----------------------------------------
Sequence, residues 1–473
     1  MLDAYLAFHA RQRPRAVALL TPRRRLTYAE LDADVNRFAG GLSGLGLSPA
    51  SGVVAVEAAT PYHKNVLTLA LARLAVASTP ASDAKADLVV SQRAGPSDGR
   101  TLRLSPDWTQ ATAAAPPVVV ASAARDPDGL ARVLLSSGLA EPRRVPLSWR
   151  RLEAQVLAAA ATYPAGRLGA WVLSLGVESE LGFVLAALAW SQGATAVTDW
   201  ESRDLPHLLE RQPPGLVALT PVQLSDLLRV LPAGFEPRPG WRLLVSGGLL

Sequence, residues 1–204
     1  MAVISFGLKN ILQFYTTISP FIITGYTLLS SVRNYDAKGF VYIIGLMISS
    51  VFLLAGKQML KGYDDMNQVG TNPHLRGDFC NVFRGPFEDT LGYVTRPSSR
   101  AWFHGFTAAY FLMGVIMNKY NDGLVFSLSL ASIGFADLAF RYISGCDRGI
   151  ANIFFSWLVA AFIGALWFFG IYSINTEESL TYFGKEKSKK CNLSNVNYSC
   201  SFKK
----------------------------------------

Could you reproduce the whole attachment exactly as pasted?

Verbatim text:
Sequence, residues 1–473
     1  MLDAYLAFHA RQRPRAVALL TPRRRLTYAE LDADVNRFAG GLSGLGLSPA
    51  SGVVAVEAAT PYHKNVLTLA LARLAVASTP ASDAKADLVV SQRAGPSDGR
   101  TLRLSPDWTQ ATAAAPPVVV ASAARDPDGL ARVLLSSGLA EPRRVPLSWR
   151  RLEAQVLAAA ATYPAGRLGA WVLSLGVESE LGFVLAALAW SQGATAVTDW
   201  ESRDLPHLLE RQPPGLVALT PVQLSDLLRV LPAGFEPRPG WRLLVSGGLL

Sequence, residues 1–204
     1  MAVISFGLKN ILQFYTTISP FIITGYTLLS SVRNYDAKGF VYIIGLMISS
    51  VFLLAGKQML KGYDDMNQVG TNPHLRGDFC NVFRGPFEDT LGYVTRPSSR
   101  AWFHGFTAAY FLMGVIMNKY NDGLVFSLSL ASIGFADLAF RYISGCDRGI
   151  ANIFFSWLVA AFIGALWFFG IYSINTEESL TYFGKEKSKK CNLSNVNYSC
   201  SFKK